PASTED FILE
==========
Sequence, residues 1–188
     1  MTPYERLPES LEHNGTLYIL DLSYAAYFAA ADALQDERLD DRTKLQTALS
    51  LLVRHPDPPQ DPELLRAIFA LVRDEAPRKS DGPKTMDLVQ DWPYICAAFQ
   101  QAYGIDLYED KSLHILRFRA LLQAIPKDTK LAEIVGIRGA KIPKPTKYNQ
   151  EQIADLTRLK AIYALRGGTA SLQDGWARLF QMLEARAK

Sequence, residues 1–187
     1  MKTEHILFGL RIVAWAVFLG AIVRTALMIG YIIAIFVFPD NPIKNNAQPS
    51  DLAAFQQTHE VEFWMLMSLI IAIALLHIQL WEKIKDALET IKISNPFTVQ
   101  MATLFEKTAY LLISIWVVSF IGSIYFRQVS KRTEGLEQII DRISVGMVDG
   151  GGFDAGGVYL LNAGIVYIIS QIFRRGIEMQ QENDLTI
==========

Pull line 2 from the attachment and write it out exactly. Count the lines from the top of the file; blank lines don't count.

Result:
     1  MTPYERLPES LEHNGTLYIL DLSYAAYFAA ADALQDERLD DRTKLQTALS